New $22M cargo facility to service Canadian North in Ottawa

Warehouse will double current capacity, make shipping food, medicine easier: federal transport minister

The Ottawa International Airport will house a new $22-million cargo facility that will service Canadian North, announced the airline’s CEO, Michael Roydniuk, on Wednesday. (Screenshot courtesy of CPAC)

By Madalyn Howitt

Canadian North is getting a new $22-million cargo facility at the Ottawa International Airport.

Canadian North president and CEO and Michael Rodyniuk and federal Transport Minister Pablo Rodriguez made the announcement to reporters gathered at the Ottawa International Airport Wednesday.

The airline and federal government will each spend about $11 million on the project.

The federal government’s share will come from the National Trade Corridors Fund, a $4.6-billion, 11-year fund to help infrastructure owners invest in assets that support economic activity, according to a government news release.

The new facility will double the airline’s current capacity by 2026 and expand the truck loading area, reducing delays in cargo-handling, Rodyniuk said.

“The livelihoods of the people in the North is something that sometimes is overlooked and it’s something that we take very seriously,” he said.

Building the cargo facility is “a huge milestone” for the airline, which moves  25 million kilograms of cargo to the North every year, Rodyniuk said.

That includes medications, perishable food and essentials for daily life, he said.

The new facility will also expand energy-efficient refrigeration and freezing areas to reduce waste and preserve essential goods, and it will have a backup power system to ensure service continuity during severe weather events.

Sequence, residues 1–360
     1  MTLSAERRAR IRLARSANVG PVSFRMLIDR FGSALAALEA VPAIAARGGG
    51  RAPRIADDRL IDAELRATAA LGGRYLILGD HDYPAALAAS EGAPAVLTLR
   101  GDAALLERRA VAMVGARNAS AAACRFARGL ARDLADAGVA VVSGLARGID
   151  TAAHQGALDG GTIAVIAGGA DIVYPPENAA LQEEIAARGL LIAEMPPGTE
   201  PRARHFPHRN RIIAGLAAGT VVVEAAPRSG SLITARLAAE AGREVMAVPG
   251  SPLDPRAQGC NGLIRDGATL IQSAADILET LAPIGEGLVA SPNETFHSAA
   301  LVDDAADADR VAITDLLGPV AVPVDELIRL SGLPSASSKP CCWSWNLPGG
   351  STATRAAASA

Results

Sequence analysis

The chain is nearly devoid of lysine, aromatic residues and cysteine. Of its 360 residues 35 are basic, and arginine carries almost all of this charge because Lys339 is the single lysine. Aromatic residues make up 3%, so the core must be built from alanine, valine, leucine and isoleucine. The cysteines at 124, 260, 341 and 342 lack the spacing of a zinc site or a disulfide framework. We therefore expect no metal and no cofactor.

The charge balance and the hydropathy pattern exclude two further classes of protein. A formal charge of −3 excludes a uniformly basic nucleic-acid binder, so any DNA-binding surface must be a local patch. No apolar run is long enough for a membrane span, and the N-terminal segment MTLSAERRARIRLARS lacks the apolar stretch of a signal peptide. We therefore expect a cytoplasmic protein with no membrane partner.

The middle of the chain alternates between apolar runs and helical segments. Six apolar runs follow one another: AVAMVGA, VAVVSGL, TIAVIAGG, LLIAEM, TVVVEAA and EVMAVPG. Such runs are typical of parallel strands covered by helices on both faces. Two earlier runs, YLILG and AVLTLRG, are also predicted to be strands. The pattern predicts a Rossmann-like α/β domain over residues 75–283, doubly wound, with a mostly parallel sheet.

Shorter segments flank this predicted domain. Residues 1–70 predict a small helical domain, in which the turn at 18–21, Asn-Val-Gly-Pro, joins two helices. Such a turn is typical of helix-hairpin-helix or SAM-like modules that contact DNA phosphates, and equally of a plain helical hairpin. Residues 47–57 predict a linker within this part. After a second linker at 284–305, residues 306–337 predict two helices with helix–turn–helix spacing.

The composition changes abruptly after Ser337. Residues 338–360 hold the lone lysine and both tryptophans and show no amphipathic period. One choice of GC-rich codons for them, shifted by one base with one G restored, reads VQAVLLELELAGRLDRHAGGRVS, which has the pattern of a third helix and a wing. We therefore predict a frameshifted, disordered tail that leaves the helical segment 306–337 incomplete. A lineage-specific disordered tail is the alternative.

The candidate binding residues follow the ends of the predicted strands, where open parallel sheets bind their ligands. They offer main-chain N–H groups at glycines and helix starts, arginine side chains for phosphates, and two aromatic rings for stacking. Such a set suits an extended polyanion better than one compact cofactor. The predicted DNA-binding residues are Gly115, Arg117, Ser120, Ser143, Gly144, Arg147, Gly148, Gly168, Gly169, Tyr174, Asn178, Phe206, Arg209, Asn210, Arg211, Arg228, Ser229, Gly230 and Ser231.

“We will have a facility that is state of the art. It will be utilizing renewable technology wherever possible, but it will also have redundancies for things like the storms that we’ve recently seen coming through our home here in Ottawa,” Rodyniuk said.

“This project will concretely help those who live in the north where supply chain access [has] an even more profound effect,” Rodriguez said.

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(1) Comment:

  1. Posted by Follow the Money on

    It wasn’t that many years ago that Canadian North received government support to build a new cargo facility in Iqaluit.
    These days Canadian North Cargo in Iqaluit operates out of a building built by the Americans in about 1943 and turned over to Canada when they left in 1963.
    The new Canadian North Cargo building in Iqaluit… is now an Amazon Distribution Centre.


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